Indian Journal of Plant Physiology

, Volume 23, Issue 3, pp 573–581 | Cite as

An efficient method for Agrobacterium-mediated genetic transformation of chilli pepper (Capsicum annuum L.)

  • Binod K. Mahto
  • Poonam Sharma
  • M. V. Rajam
  • Pallavolu M. ReddyEmail author
  • Swatismita Dhar-RayEmail author
Original Article


In this study, we have describe a highly efficient transformation protocol for two elite Indian cultivars of chilli pepper (Capsicum annuum L.), Pusa Sadabahar and Pusa Jwala. We used hypocotyls and cotyledons derived from young seedlings as explants, standardized regeneration medium for enhanced regeneration, and optimized parameters for promoting efficient transformation in these chilli cultivars. The optimized regeneration medium consisting of MS medium augmented with 1 mg l−1 indole-3-acetic acid and 5 mg l−1 6-benzyl amino purine induced profuse shoot regeneration from the hypocotyl and cotyledon explants, with a regeneration frequency of 81% in Pusa Sadabahar and 78% in Pusa Jwala. The transformation protocol was standardized using Agrobacterium tumefaciens strain LBA4404 harbouring pCAMBIA2301 construct with GUS reporter and NPT-II marker genes. The results demonstrated that the hypocotyl explants are more amenable to transformation than cotyledonary explants in both the cultivars studied. Further, co-cultivation of the hypocotyl explants with agrobacterial cells (OD600 = 0.2–0.5) for the duration of 72 h was found to be optimum for obtaining high transformation efficiency of about 30% in both the cultivars. The transgenic status of chilli transformants recovered in the selection medium having 30 mg l−1 kanamycin was confirmed by GUS activity, PCR, Southern and RT-PCR analyses. About 85–90% of rooted transgenic plants survived hardening and acclimatization processes. Using this protocol we produced several independent transgenic lines of each chilli cultivar.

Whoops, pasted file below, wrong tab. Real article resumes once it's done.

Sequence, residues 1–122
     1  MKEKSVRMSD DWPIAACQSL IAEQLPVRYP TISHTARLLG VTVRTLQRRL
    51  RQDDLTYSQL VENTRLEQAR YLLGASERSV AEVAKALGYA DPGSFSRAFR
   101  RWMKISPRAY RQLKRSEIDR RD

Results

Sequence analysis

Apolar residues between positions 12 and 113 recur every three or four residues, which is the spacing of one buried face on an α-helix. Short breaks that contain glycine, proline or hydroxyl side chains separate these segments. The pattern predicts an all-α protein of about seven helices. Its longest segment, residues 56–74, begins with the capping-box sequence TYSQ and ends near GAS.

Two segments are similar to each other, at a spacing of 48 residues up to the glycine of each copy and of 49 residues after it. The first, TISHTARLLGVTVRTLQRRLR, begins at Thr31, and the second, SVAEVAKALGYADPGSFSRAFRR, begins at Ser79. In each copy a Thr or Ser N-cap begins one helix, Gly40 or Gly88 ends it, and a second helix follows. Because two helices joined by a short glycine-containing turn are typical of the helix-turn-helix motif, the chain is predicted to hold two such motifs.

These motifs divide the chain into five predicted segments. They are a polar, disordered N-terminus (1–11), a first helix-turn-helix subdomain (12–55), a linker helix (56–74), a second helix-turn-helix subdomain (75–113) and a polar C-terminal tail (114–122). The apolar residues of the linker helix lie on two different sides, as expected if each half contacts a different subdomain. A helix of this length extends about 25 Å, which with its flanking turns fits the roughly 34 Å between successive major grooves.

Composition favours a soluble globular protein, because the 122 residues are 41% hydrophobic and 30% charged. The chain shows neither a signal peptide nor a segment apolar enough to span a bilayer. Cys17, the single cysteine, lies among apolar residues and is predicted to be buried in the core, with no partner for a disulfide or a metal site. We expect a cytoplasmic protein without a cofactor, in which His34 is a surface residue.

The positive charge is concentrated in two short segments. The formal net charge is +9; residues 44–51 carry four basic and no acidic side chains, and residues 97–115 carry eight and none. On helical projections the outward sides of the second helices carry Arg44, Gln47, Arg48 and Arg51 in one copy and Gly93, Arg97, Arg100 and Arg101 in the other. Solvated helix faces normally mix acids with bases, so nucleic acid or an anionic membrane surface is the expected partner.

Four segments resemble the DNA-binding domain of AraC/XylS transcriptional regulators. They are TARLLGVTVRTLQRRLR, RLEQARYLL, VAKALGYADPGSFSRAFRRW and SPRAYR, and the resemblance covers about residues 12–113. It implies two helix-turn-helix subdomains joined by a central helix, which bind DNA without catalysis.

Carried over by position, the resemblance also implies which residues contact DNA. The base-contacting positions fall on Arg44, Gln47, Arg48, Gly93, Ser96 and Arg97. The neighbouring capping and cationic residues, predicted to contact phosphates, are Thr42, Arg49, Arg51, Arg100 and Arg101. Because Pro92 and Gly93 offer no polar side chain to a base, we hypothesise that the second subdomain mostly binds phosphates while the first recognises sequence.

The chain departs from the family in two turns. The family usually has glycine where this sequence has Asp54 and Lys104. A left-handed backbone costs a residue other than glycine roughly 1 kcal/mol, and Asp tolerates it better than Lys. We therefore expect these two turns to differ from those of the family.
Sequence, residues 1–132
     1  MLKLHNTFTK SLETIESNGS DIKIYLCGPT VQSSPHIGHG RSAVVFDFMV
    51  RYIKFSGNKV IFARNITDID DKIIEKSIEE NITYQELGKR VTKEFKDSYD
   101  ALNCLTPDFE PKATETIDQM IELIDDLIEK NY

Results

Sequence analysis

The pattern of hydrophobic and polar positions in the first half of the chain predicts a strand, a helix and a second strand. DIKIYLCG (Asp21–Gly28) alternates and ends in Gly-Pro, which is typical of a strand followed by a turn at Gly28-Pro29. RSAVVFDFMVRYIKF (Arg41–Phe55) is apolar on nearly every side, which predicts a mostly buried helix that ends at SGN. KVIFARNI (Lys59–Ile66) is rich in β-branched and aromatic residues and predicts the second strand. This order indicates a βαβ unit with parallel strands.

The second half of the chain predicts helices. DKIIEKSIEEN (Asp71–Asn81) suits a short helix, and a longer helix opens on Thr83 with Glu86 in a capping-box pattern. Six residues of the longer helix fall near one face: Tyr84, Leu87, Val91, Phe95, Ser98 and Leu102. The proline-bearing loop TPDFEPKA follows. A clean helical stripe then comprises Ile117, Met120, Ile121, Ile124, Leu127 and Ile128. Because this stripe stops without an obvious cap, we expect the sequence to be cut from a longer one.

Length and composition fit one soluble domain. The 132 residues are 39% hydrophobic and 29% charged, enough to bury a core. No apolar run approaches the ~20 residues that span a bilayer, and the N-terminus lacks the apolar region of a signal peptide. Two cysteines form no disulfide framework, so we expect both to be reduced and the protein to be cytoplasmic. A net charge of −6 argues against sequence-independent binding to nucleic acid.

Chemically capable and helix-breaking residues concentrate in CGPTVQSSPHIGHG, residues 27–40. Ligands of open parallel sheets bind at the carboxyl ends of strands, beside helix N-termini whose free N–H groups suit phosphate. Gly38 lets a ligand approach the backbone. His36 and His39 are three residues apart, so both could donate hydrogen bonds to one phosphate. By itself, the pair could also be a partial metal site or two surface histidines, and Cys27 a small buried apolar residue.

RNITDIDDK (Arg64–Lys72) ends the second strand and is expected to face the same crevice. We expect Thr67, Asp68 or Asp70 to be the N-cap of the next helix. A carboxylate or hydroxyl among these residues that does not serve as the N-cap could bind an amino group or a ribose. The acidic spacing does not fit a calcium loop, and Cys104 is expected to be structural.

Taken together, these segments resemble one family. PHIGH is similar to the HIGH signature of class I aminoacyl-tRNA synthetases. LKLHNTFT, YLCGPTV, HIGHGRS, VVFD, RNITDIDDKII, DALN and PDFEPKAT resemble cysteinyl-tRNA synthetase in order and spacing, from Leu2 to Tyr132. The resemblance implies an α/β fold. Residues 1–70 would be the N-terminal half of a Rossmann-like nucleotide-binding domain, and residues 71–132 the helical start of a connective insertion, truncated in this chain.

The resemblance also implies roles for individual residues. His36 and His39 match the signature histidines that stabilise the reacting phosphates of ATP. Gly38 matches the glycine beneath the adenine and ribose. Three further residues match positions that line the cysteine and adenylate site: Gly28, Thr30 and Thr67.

Agrobacterium tumefaciens Chilli Cotyledon GUS expression Hypocotyl Transformation 



The research work was financed by the Department of Biotechnology (Grant No. BT/PR5399/AGR/36/722/2012), Government of India, to SD and MVR. BKM gratefully acknowledges Department of Science and Technology-INSPIRE (DST-INSPIRE), Government of India, for providing fellowship.


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Copyright information

© Indian Society for Plant Physiology 2018

Authors and Affiliations

  1. 1.TERI School of Advanced StudiesNew DelhiIndia
  2. 2.Division of Sustainable AgricultureThe Energy and Resources Institute (TERI)New DelhiIndia
  3. 3.Department of GeneticsUniversity of Delhi South CampusNew DelhiIndia

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